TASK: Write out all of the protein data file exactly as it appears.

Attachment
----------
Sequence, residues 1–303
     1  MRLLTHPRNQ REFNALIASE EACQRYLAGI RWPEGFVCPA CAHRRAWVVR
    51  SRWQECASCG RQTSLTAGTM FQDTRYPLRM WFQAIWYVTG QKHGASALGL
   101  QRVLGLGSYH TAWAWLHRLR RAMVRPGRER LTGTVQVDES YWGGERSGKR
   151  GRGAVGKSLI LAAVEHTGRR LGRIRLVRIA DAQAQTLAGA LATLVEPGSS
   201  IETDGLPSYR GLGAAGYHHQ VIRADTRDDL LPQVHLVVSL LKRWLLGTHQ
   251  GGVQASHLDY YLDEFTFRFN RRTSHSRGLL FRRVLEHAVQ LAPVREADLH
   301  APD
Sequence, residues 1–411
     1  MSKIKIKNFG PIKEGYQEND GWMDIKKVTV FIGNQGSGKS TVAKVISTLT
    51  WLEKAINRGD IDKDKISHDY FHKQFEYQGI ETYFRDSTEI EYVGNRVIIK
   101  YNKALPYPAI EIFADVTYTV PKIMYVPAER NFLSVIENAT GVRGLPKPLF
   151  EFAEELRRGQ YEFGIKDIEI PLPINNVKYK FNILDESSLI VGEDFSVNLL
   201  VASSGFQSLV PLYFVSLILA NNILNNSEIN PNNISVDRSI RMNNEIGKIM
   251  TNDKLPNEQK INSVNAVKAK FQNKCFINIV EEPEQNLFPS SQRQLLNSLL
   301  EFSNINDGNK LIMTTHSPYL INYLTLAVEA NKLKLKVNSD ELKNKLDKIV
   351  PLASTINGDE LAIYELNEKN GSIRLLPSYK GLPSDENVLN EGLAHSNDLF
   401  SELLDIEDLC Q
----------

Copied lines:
Sequence, residues 1–303
     1  MRLLTHPRNQ REFNALIASE EACQRYLAGI RWPEGFVCPA CAHRRAWVVR
    51  SRWQECASCG RQTSLTAGTM FQDTRYPLRM WFQAIWYVTG QKHGASALGL
   101  QRVLGLGSYH TAWAWLHRLR RAMVRPGRER LTGTVQVDES YWGGERSGKR
   151  GRGAVGKSLI LAAVEHTGRR LGRIRLVRIA DAQAQTLAGA LATLVEPGSS
   201  IETDGLPSYR GLGAAGYHHQ VIRADTRDDL LPQVHLVVSL LKRWLLGTHQ
   251  GGVQASHLDY YLDEFTFRFN RRTSHSRGLL FRRVLEHAVQ LAPVREADLH
   301  APD
Sequence, residues 1–411
     1  MSKIKIKNFG PIKEGYQEND GWMDIKKVTV FIGNQGSGKS TVAKVISTLT
    51  WLEKAINRGD IDKDKISHDY FHKQFEYQGI ETYFRDSTEI EYVGNRVIIK
   101  YNKALPYPAI EIFADVTYTV PKIMYVPAER NFLSVIENAT GVRGLPKPLF
   151  EFAEELRRGQ YEFGIKDIEI PLPINNVKYK FNILDESSLI VGEDFSVNLL
   201  VASSGFQSLV PLYFVSLILA NNILNNSEIN PNNISVDRSI RMNNEIGKIM
   251  TNDKLPNEQK INSVNAVKAK FQNKCFINIV EEPEQNLFPS SQRQLLNSLL
   301  EFSNINDGNK LIMTTHSPYL INYLTLAVEA NKLKLKVNSD ELKNKLDKIV
   351  PLASTINGDE LAIYELNEKN GSIRLLPSYK GLPSDENVLN EGLAHSNDLF
   401  SELLDIEDLC Q